Saturday, 14 November 2009

The Animation Industry in China

Well, here's my forever long update after many months.

I've finally moved to Shenzhen, China. It's a pretty small but very very modern city, and Hong Kong is the 1 next stop at the end of tube line. Shenzhen has a subtropical climate, with temperature at 30 degrees celsius still in November (recently it has dropped down to 20 degrees celsius as Winter is approaching). At least this is a bonus compared to London.

The animation industry in China is pretty interesting. With cheap labour and a huge workforce, they don't actually see animators as 'artists'. Instead, they see them as factory workers, or computer operator at the best. This means that the pay for this particular role is low, somewhere around 2000-3000rmb a month (it's around £190-250 roughly a month). To compare such salary level to those in the UK, it feels like earning £800-£900 a month at the best, and you still have to pay taxes.

Though I cannot blame the Chinese company for such pay, as many of those 'computer operators' are just not good at all. I've learned that many of those animators would under going a short training course in animation, mostly just using Maya or 3DSM rather than animation principles or acting for about 3 months, then the better ones in the class would get recruited in companies doing outsourcing work. The only reason for majority that would attend such course is because they are not good at anything else and cannot get into proper University to have better education. The working hours in those companies are horrific, where by default you are expected to work overtime, and it's not just 1 or 2 hours overtime after the work. On average they'd have to do 2 all-nighters a month and the average working hour is from 8:30am in the morning till 12:00am. For all that hardwork, one animator would only get that pay I've mentioned above.

There are three types of animation companies in China.
The company that only does outsourcing projects.
They would get their job from mostly USA and Europe. They'd get the script, storyboard and every other resources they need from the client, this also include video references. The company's job is to build models according to character sheet, rig them and animate them. With the acting video references already provided, the animators will just need to animate base on the video references they get. They are not allowed to do creative work themselves and must strictly follow the defined animation style set by the project.

The company that does 2D animation for tv stations.
For the Chinese, animation is still just something for the children to watch, with almost no exceptions, the children's cartoons are really just made for the children. This means poor story, poor acting and of course, poor animation. Companies or studio under this category are very hard to survive, as usually studios are setup by few animators. Although they can produce their own stuff, the budget is low. Since the salary is generally low, animators are hard to stay in 1 company for long. According to a report from 2005, the cost to produce 1 minute of 2D hand drawn children's cartoon is 10,000rmb (about a grand) with everything taken into account, that is salary paid to animators, equipment, rent of the studio etc. With the average length for an episode of 22 minutes, the net cost would be 220,000rmb (£19,000). However, TV stations in China are only willing to pay a few thousands rmb, per episode. It's a really tough world out there so many 2D studios have no choice but also to take up on outsourcing jobs.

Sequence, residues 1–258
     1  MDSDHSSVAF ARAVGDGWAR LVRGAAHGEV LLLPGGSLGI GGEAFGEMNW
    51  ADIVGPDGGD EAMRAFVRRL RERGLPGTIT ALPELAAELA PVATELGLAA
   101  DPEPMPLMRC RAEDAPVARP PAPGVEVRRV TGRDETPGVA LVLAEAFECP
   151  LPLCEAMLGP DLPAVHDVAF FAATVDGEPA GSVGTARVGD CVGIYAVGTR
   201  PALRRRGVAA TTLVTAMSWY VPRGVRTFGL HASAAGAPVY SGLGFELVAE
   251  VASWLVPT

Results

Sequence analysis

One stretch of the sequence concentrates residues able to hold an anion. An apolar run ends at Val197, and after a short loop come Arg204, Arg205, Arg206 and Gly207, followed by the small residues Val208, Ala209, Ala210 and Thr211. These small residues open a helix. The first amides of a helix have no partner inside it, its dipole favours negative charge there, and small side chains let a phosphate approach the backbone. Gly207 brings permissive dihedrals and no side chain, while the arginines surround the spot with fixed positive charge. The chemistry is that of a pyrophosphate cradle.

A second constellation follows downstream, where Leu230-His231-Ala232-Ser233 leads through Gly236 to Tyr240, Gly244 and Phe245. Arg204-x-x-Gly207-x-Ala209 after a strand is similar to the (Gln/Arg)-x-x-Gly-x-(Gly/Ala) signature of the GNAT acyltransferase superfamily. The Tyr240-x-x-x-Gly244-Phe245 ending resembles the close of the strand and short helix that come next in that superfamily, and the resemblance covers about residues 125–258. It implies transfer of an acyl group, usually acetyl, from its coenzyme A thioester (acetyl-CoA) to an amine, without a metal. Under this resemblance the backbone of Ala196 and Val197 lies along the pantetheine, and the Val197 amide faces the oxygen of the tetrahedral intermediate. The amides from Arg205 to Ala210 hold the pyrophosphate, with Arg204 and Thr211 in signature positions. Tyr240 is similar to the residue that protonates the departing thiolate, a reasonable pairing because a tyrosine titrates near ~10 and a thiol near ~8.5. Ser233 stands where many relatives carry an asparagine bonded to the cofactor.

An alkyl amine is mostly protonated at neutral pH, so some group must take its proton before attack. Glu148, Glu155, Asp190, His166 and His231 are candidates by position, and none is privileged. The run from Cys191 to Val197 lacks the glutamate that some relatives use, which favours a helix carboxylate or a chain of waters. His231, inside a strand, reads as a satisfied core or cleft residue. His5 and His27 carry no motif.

The game companies.
I'm not so sure on how the game companies operate in China yet, and this includes home companies and international companies like EA, Ubisoft and many more. Will post more when I find out.

Luckily my request to join 1 of those outsourcing companies was rejected, because they didn't have any project going. Otherwise I'd be working my ass off till 12am everyday. That particular company fired off hundreds of animators in 1 day just because they want to keep the cost low.
(To be continued...)

Tuesday, 10 March 2009

oh no! the NDA

Followed by a silly mistake that I have made earlier on due to excitement, I realised that I actually broke the NDA (Non Disclosure Agreement) which I should be following. This is fault on my part and a humble apology to my recruiter and interviewer. I actually came across such agreement back in the old days when beta testing early release of MMOPRGs, where confidential game datas aren't ready to be released.

These are been taken care of now as I type this blog entry and once again I apologize to my recruiter and interviewer regarding this issue.